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Cathelicidin antimicrobial peptide
Symbol(s) CAMP; CAP18; FALL-39; FALL39; HSD26; LL37
External IDs OMIM: 600474 MGI: 108443 Homologene: 3206
RNA expression pattern

More reference expression data

Human Mouse
Entrez 820 12796
Ensembl ENSG00000164047 ENSMUSG00000038357
Uniprot P49913 Q0VB78
Refseq NM_004345 (mRNA)
NP_004336 (protein)
NM_009921 (mRNA)
NP_034051 (protein)
Location Chr 3: 48.24 - 48.24 Mb Chr 9: 109.7 - 109.71 Mb
Pubmed search [1] [2]

Members of the cathelicidin family of antimicrobial polypeptides are characterized by a highly conserved region (cathelin domain) and a highly variable cathelicidin peptide domain. Cathelicidin peptides have been isolated from many different species of mammals. Cathelicidins were originally found in neutrophils but have since been found in many other cells (e.g., in macrophages activated by bacteria, viruses, fungi, or the hormone 1,25-D).[1] The cathelicidin family shares primary sequence homology with the cathepsin family of cysteine proteinase inhibitors, although amino acid residues thought to be important in such protease inhibition are usually lacking.

Richard L. Gallo and colleagues recently noticed that patients with rosacea had elevated levels of cathelicidin and elevated levels of stratum corneum tryptic enzymes (SCTEs). Antibiotics have been used in the past to treat rosacea, but antibiotics may only work because they inhibit some SCTEs. See the August 5, 2007 issue of Nature Medicine for details.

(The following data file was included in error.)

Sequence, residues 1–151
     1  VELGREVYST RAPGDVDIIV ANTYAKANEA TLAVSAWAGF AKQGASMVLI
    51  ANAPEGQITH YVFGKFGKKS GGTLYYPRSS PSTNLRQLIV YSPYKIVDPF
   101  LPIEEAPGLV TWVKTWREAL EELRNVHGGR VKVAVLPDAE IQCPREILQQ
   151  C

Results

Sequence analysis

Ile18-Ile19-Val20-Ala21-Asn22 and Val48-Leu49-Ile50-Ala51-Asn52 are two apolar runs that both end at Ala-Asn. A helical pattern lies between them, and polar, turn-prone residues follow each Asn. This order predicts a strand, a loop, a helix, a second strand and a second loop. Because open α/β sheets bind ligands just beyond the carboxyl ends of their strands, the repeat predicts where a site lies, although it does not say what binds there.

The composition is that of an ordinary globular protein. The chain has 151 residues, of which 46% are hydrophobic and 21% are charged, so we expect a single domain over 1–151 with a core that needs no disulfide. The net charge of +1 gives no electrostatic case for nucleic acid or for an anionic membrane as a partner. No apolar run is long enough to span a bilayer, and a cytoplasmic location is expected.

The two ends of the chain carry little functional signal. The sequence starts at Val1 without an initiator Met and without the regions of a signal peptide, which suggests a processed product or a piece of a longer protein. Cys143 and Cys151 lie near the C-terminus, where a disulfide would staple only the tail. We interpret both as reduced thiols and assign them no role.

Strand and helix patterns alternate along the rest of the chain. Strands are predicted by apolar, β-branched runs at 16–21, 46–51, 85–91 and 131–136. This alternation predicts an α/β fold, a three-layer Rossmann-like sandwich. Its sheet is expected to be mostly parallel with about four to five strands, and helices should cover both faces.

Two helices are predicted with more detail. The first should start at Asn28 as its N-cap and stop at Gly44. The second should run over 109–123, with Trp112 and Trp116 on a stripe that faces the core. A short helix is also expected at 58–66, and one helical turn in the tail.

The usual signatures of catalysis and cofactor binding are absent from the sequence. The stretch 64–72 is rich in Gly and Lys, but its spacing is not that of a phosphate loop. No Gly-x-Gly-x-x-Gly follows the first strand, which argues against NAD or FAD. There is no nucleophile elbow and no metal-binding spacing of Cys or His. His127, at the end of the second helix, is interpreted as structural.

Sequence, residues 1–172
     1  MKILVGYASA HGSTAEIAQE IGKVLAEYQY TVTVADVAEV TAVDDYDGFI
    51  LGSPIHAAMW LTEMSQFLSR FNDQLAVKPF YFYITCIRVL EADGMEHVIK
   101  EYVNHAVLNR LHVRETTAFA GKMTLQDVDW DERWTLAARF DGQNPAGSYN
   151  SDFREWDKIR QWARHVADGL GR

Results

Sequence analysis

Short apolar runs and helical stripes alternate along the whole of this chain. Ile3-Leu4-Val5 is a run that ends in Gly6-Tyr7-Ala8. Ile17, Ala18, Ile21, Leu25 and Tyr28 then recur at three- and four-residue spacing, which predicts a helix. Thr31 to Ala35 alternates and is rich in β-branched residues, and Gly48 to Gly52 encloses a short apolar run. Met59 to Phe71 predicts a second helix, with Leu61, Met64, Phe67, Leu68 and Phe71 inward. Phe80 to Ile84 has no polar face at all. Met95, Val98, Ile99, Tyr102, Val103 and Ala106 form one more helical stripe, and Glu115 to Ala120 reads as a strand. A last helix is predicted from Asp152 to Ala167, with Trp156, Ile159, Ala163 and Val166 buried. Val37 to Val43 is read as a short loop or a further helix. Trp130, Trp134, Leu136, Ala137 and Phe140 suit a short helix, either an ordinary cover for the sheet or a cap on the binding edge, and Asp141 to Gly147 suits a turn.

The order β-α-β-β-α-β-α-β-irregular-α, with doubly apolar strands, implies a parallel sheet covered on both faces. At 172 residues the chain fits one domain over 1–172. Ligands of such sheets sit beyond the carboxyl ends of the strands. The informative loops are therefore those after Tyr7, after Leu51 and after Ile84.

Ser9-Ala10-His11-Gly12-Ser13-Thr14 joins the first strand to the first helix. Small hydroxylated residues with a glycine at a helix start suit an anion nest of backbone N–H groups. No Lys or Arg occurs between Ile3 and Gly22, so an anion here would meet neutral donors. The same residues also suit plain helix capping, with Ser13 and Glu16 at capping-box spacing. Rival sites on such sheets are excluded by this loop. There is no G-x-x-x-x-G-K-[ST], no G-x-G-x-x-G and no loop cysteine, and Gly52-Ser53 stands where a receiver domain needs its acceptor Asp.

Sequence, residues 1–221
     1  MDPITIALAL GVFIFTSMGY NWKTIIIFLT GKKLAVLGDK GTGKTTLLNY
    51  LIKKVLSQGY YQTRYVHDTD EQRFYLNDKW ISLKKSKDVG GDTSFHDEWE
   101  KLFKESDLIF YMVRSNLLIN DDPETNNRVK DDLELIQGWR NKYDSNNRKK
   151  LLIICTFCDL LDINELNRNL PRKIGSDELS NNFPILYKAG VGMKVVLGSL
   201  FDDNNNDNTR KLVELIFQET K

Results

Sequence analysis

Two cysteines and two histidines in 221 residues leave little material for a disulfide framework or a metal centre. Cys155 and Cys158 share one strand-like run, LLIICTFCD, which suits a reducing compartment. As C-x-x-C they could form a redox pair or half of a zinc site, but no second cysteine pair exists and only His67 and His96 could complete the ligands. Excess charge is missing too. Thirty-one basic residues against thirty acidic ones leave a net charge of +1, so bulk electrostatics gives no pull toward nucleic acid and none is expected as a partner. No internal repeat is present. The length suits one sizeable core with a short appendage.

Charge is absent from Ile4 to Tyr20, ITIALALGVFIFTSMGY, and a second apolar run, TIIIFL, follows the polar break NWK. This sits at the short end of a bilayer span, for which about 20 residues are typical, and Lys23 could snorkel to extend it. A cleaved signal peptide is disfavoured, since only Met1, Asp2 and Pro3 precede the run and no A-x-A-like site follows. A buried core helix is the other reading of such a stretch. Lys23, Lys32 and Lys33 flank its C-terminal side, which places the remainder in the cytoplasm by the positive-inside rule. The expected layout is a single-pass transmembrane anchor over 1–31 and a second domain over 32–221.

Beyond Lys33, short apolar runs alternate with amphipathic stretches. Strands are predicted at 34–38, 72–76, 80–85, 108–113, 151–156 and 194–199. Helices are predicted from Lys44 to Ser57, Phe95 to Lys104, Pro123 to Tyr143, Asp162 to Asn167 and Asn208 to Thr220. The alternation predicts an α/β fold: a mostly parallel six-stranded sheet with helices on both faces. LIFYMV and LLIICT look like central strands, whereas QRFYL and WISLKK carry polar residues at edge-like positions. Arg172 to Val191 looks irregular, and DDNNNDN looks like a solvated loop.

Cathelicidin antimicrobial protein is an antimicrobial protein found in specific granules of polymorphonuclear leukocytes (PMNs).[supplied by OMIM][2]

See also


  1. ^ Philip T. Liu, et al., Toll-Like receptor...
  2. ^ Entrez Gene: CAMP cathelicidin antimicrobial peptide.

Further reading

  • Chromek, M., et al. The antimicrobial cathelicidin protects the urinary tract against invasive bacterial infection. Nature Medicine (June 2006) 12, 636-641. -
  • Gombart, A.F., et al. Human cathelicidin antimicrobial peptide (CAMP) gene is a direct target of the vitamin D receptor and is strongly upregulated in myeloid cells by 1,25-dihydroxyvitamin D3. FASEB Journal (July 2005) 19, 1067-1077. -
  • Liu, Philip T., et al. Toll-like receptor triggering of a vitamin D-mediated human antimicrobial response. Science (March 24, 2006) 311, 1770-1773. -